A group of international scientists have recently released findings that show the origin of AIDS to have been in the 1920s in Kinshasa, which is now the capital and largest city of the Democratic Republic of the Congo.
Senior author of the paper and from Oxford University’s Department of Zoology, Professor Oliver Pybus said of the study: “For the first time we have analyzed all the available evidence using the latest phylogeographic techniques, which enable us to statistically estimate where a virus comes from. This means we can say with a high degree of certainty where and when the HIV pandemic originated. It seems a combination of factors in Kinshasa in the early 20th Century created a ‘perfect storm’ for the emergence of HIV… ”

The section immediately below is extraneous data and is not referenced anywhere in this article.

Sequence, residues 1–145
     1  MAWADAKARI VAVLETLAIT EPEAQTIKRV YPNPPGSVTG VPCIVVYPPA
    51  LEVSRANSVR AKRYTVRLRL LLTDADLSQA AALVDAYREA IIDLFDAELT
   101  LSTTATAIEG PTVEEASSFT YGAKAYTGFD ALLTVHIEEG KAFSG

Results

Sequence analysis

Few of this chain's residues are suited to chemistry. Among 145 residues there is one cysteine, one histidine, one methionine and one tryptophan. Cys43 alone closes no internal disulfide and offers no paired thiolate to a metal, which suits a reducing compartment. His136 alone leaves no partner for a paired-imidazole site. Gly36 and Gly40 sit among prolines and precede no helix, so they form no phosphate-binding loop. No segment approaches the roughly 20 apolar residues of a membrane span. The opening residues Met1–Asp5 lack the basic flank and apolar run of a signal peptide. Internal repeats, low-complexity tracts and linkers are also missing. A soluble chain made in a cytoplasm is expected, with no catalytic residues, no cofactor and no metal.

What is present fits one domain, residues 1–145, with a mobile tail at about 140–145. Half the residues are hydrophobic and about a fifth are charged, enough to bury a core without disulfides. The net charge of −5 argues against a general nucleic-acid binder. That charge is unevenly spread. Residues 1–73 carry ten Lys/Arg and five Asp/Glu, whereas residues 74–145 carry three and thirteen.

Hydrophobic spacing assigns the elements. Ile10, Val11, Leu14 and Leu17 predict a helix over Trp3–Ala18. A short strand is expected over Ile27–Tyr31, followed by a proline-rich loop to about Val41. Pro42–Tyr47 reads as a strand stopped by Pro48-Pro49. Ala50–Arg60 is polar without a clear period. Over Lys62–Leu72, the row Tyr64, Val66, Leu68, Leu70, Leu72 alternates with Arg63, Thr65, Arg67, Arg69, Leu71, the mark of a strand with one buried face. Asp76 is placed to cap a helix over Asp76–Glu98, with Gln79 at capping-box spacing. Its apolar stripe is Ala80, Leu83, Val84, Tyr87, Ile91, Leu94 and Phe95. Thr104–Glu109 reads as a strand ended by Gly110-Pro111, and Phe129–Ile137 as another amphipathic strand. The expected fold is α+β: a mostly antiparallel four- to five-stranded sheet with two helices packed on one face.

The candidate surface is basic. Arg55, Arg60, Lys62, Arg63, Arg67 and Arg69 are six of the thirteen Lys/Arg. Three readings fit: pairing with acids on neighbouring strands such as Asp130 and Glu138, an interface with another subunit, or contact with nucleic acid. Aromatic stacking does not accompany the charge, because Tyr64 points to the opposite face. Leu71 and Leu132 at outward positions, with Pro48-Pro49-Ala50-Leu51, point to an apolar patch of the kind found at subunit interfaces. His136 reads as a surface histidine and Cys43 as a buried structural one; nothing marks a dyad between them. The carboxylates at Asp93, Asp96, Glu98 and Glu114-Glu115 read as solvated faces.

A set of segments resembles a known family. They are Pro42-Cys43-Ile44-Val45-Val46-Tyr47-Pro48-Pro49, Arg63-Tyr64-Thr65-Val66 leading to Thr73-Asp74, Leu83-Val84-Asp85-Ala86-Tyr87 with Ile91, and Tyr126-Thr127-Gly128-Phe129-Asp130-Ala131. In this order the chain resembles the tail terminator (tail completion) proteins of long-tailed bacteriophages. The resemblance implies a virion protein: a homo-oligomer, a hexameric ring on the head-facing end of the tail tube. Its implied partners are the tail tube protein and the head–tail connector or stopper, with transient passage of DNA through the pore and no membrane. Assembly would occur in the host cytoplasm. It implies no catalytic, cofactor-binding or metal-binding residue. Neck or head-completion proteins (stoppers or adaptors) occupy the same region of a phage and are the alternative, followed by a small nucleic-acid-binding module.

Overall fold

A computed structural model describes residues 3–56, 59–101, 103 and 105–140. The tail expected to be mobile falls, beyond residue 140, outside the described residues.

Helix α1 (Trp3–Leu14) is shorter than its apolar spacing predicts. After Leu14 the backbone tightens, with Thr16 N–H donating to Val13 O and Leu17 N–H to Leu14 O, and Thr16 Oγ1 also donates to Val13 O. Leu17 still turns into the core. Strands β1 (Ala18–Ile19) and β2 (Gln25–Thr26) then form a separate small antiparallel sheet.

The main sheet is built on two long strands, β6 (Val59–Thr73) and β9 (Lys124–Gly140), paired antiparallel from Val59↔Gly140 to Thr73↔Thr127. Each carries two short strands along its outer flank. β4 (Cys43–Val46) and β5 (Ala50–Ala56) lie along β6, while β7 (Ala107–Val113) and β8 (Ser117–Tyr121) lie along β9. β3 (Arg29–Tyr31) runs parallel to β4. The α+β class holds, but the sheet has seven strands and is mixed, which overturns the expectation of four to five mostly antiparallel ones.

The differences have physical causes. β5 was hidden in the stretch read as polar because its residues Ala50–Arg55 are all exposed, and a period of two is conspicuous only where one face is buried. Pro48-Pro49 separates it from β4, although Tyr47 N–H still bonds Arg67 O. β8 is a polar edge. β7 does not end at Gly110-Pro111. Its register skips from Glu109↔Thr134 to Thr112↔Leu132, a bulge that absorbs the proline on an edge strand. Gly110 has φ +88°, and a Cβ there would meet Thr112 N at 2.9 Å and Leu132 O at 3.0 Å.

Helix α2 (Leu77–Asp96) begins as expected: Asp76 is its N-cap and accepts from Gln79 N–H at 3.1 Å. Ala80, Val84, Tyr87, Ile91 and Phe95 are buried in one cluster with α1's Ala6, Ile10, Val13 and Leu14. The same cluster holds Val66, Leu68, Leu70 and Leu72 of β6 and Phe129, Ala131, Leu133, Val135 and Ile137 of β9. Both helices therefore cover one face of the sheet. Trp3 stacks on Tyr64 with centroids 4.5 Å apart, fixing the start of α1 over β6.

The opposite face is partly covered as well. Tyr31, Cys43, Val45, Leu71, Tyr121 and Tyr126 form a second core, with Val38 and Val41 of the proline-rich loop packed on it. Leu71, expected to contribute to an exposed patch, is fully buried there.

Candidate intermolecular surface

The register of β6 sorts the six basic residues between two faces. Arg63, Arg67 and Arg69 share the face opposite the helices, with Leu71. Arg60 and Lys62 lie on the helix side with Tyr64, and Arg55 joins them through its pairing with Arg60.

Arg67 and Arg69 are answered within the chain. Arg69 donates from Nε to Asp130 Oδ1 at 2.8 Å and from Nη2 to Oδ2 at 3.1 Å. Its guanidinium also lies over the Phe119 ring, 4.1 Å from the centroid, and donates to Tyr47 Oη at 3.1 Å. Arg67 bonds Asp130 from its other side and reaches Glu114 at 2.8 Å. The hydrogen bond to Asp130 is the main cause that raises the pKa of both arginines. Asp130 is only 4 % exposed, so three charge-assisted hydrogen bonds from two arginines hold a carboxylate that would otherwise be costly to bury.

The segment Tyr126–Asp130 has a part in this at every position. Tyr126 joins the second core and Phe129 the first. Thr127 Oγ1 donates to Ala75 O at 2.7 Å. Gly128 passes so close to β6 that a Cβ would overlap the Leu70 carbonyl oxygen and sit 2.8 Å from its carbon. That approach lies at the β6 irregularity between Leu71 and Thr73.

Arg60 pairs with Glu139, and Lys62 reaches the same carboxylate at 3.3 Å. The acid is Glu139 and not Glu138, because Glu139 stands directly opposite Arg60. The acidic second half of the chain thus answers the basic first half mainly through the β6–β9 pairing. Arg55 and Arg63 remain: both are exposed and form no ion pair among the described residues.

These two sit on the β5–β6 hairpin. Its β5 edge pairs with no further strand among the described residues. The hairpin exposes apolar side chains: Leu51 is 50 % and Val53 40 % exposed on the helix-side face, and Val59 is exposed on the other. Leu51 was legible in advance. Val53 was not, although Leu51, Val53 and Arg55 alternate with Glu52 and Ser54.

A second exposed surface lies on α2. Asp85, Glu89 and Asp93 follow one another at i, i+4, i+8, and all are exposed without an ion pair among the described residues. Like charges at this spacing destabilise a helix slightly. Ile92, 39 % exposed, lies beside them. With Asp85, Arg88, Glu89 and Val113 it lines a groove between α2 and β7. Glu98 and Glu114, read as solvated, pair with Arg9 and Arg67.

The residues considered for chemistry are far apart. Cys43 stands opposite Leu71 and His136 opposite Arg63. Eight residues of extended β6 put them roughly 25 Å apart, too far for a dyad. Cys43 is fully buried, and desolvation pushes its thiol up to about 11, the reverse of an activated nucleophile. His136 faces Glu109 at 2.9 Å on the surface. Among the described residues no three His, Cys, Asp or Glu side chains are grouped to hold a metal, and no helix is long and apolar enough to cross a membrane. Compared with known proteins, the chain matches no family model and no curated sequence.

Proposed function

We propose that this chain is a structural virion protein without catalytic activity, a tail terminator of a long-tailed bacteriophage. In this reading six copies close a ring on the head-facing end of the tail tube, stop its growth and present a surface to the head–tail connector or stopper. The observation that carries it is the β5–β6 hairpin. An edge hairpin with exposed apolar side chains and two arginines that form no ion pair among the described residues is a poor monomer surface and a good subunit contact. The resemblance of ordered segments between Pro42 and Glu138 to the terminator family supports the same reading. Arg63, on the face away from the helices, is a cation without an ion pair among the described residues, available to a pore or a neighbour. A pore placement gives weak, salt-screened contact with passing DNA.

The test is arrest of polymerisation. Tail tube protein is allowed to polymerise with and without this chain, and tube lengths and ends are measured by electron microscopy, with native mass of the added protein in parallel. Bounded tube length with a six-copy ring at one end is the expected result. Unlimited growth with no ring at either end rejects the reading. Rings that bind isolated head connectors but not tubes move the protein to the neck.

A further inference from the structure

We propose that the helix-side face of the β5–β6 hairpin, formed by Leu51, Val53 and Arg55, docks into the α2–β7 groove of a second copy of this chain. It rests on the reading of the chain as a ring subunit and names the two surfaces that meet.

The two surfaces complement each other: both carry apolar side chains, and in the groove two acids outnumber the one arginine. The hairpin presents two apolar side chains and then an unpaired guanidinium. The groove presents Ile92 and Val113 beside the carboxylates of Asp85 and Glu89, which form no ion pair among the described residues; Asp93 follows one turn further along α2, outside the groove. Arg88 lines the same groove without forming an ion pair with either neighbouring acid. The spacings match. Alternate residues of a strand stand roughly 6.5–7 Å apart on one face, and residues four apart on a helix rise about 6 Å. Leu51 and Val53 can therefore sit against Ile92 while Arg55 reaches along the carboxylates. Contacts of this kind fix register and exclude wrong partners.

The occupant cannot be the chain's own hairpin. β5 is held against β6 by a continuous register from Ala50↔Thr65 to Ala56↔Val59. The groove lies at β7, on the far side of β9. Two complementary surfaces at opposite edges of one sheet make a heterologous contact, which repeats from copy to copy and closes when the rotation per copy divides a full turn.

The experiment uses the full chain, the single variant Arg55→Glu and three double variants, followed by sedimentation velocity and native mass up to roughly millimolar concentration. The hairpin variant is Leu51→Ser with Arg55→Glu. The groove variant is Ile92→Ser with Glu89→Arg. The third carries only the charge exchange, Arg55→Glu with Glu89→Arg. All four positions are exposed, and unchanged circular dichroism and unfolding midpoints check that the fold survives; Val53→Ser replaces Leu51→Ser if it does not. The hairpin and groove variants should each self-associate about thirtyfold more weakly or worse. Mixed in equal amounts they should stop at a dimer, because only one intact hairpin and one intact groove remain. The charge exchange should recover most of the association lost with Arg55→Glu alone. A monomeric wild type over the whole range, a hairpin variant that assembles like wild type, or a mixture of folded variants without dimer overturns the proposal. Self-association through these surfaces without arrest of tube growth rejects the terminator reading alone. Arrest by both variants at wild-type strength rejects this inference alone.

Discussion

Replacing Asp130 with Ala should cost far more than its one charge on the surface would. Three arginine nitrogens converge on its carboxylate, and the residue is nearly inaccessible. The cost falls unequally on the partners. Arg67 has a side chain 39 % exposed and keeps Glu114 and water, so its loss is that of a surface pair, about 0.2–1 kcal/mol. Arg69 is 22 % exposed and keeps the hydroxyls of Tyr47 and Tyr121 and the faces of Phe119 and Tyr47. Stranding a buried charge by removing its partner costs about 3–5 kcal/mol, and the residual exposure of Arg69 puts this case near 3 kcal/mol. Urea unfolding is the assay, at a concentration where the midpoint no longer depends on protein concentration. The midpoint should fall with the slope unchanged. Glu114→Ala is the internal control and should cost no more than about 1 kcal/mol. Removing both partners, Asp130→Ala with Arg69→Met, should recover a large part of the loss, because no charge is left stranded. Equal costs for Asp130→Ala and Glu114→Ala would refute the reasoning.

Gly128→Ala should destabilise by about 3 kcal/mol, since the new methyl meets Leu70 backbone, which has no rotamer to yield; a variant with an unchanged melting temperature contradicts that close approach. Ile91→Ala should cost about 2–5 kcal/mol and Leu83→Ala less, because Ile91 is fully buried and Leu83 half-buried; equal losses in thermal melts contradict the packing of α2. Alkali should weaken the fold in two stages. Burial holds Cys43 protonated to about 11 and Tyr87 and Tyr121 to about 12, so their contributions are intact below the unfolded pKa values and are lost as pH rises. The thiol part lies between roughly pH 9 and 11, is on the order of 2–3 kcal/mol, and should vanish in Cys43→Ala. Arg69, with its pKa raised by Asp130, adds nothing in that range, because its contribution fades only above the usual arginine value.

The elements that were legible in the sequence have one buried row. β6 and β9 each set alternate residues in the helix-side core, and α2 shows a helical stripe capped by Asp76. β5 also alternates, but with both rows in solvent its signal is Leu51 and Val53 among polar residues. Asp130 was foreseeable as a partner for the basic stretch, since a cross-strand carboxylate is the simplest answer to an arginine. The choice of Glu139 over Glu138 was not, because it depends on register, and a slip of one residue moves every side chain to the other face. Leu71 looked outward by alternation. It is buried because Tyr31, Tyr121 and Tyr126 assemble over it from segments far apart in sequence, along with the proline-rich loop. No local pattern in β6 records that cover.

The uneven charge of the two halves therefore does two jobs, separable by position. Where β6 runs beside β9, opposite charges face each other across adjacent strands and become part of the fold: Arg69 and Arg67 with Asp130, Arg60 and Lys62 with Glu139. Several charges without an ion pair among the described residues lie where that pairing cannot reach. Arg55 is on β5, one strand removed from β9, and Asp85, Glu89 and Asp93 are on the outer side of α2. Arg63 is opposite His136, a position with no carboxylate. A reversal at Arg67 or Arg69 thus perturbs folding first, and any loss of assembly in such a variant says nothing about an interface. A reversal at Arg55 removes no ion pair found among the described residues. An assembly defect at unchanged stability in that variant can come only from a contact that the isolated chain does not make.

The study, led by Oxford University and University of Leuven scientists, gives three probable factors of how the disease spread: population growth, sex trade and railway access.
The population of Kinshasa grew rapidly in the 20s, as male laborers piled into the city for work, causing the ratio of men to women to raise two to one. Because of the rise in males, sex trade began to increase. Because HIV is primarily transmitted through sex, sex trade increasing from population growth can be seen as a highly probable cause.
The study also noted that by the end of the 1940s, millions of Africans were traveling through Kinshasa by way of railway. Once some became infected with the virus, it spread throughout the DRC, Africa and eventually the world.
This study comes after news broke that HIV strings from chimpanzees and their infected meat transmitted the disease to African hunters through “the hunting or handling of bush meant.”
Since the 1920s, the infection has spread rampant and as of today, has infected close to 75 million people worldwide.
– Kori Withers